“Licensing has always been full of surprises and unexpected opportunities”

LicensingSource chats to Eva Brännström, evp at Plus Licens, about her 40 years in the licensing industry.

With over 40 years of experience in the licensing industry, Eva Brännström is the co-owner and evp of Plus Licens, an independent licensing agency with HQ in Stockholm, Sweden.

Here, Eva tells LicensingSource about the changes in the industry she’s witnessed first-hand, and what Plus Licens has done to remain a key player on the European licensing scene.

How did you and Plus Licens get your start in the licensing industry?

I was first introduced to a combined licensing and production company, where I got the chance to work with licences such as Barbapapa. In 1977 my business partner Peder Tamm started Plus Licens by first representing The Muppet Show, and I joined the agency shortly after. We quickly became leading in the Nordics, in competition with Disney, of course. Our portfolio grew to include the representation of major American corporations such as Universal, Warner Bros., MGM and many more.

What was the state of the licensing industry at the time?

The licensing industry was not as developed and still very limited to its respective local market. The European Union did not exist which meant that properties were licensed only for their local market, and exclusivity clauses were almost taken for granted as part of signed deals.

PL1What has Plus Licens’ international journey looked like?

Our most successful venture was entering into CEE, almost directly after the fall of the Berlin Wall. We put up offices in Poland, Russia, Hungary and the Czech Republic. We showed great intuition in essentially being alone, aside from Disney, on an entirely new market of licences that had just recently become privatised.

We also opened an office in Tokyo as part of a plan to offer Nordic properties to Japanese consumers, but due to some unforeseen circumstances it didn’t work out. Still, it was a very valuable experience and Plus Licens is stronger because of it, as we strengthened and expanded our relationships in Japan. We’ve also represented and launched two iconic figures in Peanuts and Hello Kitty (pictured) in the Nordics and CEE.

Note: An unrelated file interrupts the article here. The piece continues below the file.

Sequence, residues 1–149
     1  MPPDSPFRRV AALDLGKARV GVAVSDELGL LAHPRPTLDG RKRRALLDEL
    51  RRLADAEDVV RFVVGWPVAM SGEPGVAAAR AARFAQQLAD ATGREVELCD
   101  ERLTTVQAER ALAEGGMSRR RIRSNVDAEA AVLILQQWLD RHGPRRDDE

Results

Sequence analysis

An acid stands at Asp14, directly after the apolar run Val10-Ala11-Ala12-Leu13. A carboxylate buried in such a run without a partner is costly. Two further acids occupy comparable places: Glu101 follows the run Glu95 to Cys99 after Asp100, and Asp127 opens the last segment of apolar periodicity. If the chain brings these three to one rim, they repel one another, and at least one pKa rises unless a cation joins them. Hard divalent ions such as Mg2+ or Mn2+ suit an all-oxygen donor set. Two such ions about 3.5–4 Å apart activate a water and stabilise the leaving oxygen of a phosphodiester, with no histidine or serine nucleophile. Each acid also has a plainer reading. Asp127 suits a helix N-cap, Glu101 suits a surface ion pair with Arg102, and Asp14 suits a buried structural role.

What makes the licensing industry special to you?

It has always been full of surprises and unexpected opportunities. You don’t always know what the next ‘big thing’ will be, or when it will appear. When the first Stars Wars film premiered, the interest in the Nordics for properties of that kind was mild to say the least. We hadn’t been able to close any deals and informed LucasFilm that we wouldn’t be able to stay on as agents. We were convinced to continue and wasn’t that a good thing! When we first got our start there was no commercial TV in the Nordics, and animated series had a relatively poor reputation, in stark contrast to today.

PL3What are some big changes you’ve seen that’s affected the role of the licensing agency?

A changing media landscape has led to new opportunities and challenges when measuring and communicating the impact of media placements for media driven brands. The evolution of large and sophisticated toy programmes, plus the refinement of artwork and style guides. IP owners invest a lot more into their properties which gives us a better foundation from which to build a brand in the long-term.

As an agency, we’re not a mere mediator of licensing agreements, we now work alongside the IP owners, running the entire project on the local market as part of a global strategy. We execute retail activities with partners, perform digital communication and PR and create collaborative opportunities.

PL2What do you think the future of Plus Licens and the industry looks like?

Everything depends on consumers preferences, and I personally think that the ever-present issue of sustainability will lead to ‘less is more’ having more practical implications.

At Plus Licens we look forward to seeing Bluey make a breakthrough in our markets, a revival of Hello Kitty and Sanrio, and our continued venture into the rest of Europe with properties such as UCLA (pictured top right), University of Cambridge, Paul Frank (pictured left), among others.

As a licensing agent it’s more important than ever to have the trust of licensors and work long-term to achieve healthy ROI. As an agent we’ll continue to offer a diversified portfolio and be a reliable source for brand development and licensing insights to our clients, and local and regional potential licensees.

Quick fire Qs

What’s needed to remain a key player in the long-term in this industry?

Staying patient while remaining agile enough to act fast on changes.

What’s the biggest challenge facing licensing agents in 2022?

Understanding and being able to navigate an increasingly complex market and media landscape.

What does licensing agencies have to focus on to take on the future and deliver on the expectations of licensors and licensees?

Increase their knowledge of, and focus on, sustainability, but also important things such as local and small-scale PR, events, marketing, and retail/e-tail.

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